Albany, NY doesn’t seem like the ideal breeding ground for Hip-Hop. Matter of fact, it’s a rare occasion that an act in New York, but out of New York City, makes much noise. It seems Hip-Hop’s birthplace tends to cast too much of a shadow to allow much shine for anyone outside of the immediate area. Shyste, or as his website name implies â€“ “the real” Shyste, hails out of New York’s capital and, as his album title ambitiously declares, is trying to become “the exception” to this trend.
The album starts off with an intro consisting of the overdone, played out concept of turning the radio dial and stopping at various stations all of which are playing “commercial” music. Among the culprits are Eminem and what is perceived as a stereotypical Southern beat. The intro sets the tone for the album, though probably not in the way Shyste intended. While Shyste believes his music is “the exception” and real, and raw hip-hop, as do almost all acts nowadays, the truth is that it’s identical to anything else out on the market. It’s not a knock at Shyste, as it doesn’t necessarily make his music bad, but it does disappoint those who buy into the hype. Aside from its unintentional implications, the intro joins the rest of the skits as pointless and unentertaining additions to the album. Why rappers continue to attempt to fill albums with skits is beyond me, especially considering most albums tend to lack any cohesive theme or flow. Among the skits on this album is “I’ll Punch You In Yer Face (Skit)” where Shyste “calls” a record store and randomly inserts the title statement into the conversation. Had it been a real call it may have been funny, but being that the stereotypical uptight “white guy” voice used to represent the record store employee is obviously acted out the skit is just pointless. The rest of the skits fall into the same category or are more like “inside jokes” that only those who share Shyste’s sense of humor would find funny.
Skits aside, the rest of the material found on “The Exception” is good for a listen or two, but holds very little replay value. It’s not bad music as Shyste is a decent MC and producer, and the rest of the producers on the album also do their job well enough. What holds Shyste back is the fact that he brings nothing new or exceptional to the table.
“The Ox Swinger” is served over an upbeat piano sample and serves as an intro to Shyste and plays of the “ssshhh” sound in his name as the hook features various words containing the syllable. “4 Barz” uses a more mellow guitar sample, and Shyste once again brags about his skills, album sales, cars, etcâ€¦ “Suntin'” is the first Shyste produced track on the album, and the beats cascading voice/instrument melody is dope, though a bit repetitive. On the mic Shyste alternates between rhyming “suntin'” and other similar sounding words. Rather than sound clever, the use of the word “suntin'” so often sounds more like a crutch for Shyste. This song exhibits Shyste’s main problem as an emcee, the fact that he’s mostly unoriginal and unimpressive on the mic. He’s not a punch-line emcee like Joe Buddens or Papoose, he’s not a “conscious” emcee like Common or Mos Def, he’s not a gangsta rapper, though he takes on small elements from all these styles. Ideally such elements would mix to produce the likes of someone such as Jay-Z, but in Shyste’s case he isn’t talented or captivating enough to trek such waters.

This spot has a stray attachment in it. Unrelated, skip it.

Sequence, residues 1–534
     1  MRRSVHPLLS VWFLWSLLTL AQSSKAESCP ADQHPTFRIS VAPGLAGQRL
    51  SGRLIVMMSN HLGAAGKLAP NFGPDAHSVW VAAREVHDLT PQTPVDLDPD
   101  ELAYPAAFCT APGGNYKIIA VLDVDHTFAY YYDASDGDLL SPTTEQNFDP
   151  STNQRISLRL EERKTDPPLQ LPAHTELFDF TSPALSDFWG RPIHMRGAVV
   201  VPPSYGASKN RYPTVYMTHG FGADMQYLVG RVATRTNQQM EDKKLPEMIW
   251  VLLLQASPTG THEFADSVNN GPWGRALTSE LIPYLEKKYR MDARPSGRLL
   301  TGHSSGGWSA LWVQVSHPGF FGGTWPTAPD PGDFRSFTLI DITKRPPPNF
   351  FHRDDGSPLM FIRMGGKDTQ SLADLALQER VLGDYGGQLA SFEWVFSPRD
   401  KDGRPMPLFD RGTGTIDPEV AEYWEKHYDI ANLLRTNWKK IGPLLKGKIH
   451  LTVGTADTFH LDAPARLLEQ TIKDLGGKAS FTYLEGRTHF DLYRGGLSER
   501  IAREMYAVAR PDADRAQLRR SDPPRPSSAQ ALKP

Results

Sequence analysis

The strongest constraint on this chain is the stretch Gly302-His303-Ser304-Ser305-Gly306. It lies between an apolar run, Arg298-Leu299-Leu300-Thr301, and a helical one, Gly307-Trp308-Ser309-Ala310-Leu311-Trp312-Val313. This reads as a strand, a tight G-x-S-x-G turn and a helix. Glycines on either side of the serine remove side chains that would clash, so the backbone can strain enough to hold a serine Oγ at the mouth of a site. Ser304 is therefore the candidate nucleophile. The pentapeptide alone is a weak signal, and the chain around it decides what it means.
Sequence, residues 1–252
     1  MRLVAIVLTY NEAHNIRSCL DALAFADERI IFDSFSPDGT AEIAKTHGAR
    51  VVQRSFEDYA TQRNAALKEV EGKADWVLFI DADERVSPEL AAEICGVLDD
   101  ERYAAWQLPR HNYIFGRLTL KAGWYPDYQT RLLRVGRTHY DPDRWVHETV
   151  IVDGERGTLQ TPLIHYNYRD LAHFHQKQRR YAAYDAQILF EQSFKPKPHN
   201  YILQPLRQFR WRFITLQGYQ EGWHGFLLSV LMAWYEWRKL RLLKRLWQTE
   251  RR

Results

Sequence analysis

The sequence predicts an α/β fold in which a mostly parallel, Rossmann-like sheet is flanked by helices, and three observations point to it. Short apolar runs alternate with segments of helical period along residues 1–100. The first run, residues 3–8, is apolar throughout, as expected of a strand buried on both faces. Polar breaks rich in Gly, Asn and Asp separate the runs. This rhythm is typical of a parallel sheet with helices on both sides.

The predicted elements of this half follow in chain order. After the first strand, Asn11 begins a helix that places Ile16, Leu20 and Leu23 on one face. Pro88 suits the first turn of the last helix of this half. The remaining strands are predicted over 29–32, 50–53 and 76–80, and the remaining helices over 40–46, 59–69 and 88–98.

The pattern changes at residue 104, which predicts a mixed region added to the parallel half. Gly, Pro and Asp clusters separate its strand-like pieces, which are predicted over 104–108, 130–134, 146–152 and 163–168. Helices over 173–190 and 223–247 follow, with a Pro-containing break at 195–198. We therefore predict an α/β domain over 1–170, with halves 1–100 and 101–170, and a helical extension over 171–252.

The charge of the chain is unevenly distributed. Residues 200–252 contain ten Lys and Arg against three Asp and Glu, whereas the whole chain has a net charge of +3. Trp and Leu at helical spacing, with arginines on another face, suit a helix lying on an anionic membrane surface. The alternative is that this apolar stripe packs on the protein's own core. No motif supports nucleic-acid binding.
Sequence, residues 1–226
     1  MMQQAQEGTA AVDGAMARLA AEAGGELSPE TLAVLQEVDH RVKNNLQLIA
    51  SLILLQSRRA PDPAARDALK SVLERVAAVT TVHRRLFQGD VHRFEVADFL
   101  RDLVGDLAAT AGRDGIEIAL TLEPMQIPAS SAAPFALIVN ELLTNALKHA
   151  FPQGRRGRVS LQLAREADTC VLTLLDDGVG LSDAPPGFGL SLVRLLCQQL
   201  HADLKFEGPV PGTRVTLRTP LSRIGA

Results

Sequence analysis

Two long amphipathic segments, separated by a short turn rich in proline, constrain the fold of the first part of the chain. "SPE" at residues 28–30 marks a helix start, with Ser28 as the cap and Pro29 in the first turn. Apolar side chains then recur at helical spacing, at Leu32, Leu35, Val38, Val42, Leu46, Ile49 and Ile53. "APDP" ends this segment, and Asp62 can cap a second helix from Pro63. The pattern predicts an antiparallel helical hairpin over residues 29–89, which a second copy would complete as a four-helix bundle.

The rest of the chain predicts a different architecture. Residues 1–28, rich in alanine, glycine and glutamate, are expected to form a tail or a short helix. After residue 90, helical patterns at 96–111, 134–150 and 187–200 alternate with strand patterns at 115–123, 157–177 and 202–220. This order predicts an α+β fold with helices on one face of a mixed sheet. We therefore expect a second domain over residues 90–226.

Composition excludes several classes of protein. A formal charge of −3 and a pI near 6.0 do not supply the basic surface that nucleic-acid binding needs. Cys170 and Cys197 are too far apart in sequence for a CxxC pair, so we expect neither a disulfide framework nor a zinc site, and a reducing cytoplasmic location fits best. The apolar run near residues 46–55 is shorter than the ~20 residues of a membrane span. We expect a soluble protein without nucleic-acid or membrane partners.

Because of this his attempts at various styles are mostly forgettable and you never get too much of a feel for who Shyste is outside of the fact that he’s cocky. Party attempts such as “Drop Ya Backside” and “Forth n Back” are stereotypical call and response approaches. “Drop Ya Backside” is self-produced and jacks the sample from The Beatnut’s “Se Acabo,” this jacked sample only strengthened my observation that Shyste sounds a lot like Psycho Les. “Break North” is your typical trash-talking track, preceded by a pointless â€˜Call From Satan” which has little to do with the track. “Finer Arts” is another similarly themed track. “Where I’m From” starts out by Shyste poking fun at the idea he might drop some “commercial shit,” yet the track sounds like Swizz Beats at his Casio-worst and the hook focuses on how “cats ride” and “shit is live” where Shyste is from.
Overall, Shyste isn’t bad but he also isn’t noteworthy. He pushes the idea he isn’t commercial, but his album contains all the elements found on your typical major label release. With that said, “The Exception” can’t be recommended above anything in that category as Shyste lacks the charisma and personality that so-called “commercial” acts tend to use to set themselves apart. Lyrically, Shyste isn’t too amazing as he barely manages to hold the listener’s attention and rarely drops a dope one-liner. Though “The Exception” was aimed to break out and put Shyste and Albany on the map, the average material found on this album will likely not be enough to motivate anyone, in New York City or elsewhere, to make an exception and bump Shyste instead of their current favorite emcee.